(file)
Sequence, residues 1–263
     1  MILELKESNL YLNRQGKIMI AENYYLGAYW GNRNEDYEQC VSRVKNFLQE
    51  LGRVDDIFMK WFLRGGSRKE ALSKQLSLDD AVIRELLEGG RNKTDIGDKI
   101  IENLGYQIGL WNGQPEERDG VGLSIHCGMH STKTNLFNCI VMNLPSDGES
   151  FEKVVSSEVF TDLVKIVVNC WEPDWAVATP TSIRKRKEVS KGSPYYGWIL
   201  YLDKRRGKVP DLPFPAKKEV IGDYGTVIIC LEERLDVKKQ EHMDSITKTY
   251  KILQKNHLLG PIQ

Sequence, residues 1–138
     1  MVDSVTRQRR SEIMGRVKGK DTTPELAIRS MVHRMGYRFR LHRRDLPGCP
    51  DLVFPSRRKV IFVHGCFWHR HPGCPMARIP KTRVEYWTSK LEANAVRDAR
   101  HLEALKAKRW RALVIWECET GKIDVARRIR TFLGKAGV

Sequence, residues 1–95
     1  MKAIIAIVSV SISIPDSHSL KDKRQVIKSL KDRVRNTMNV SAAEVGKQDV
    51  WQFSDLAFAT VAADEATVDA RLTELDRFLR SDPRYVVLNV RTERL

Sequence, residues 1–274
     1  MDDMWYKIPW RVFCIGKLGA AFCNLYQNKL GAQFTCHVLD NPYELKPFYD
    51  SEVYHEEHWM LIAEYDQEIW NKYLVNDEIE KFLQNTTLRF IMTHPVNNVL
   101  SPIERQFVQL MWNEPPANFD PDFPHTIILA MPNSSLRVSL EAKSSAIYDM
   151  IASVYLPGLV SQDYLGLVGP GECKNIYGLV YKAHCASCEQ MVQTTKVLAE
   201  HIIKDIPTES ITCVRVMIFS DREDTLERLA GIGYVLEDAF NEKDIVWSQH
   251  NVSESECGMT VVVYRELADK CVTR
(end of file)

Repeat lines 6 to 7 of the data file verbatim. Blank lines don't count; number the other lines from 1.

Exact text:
   201  YLDKRRGKVP DLPFPAKKEV IGDYGTVIIC LEERLDVKKQ EHMDSITKTY
   251  KILQKNHLLG PIQ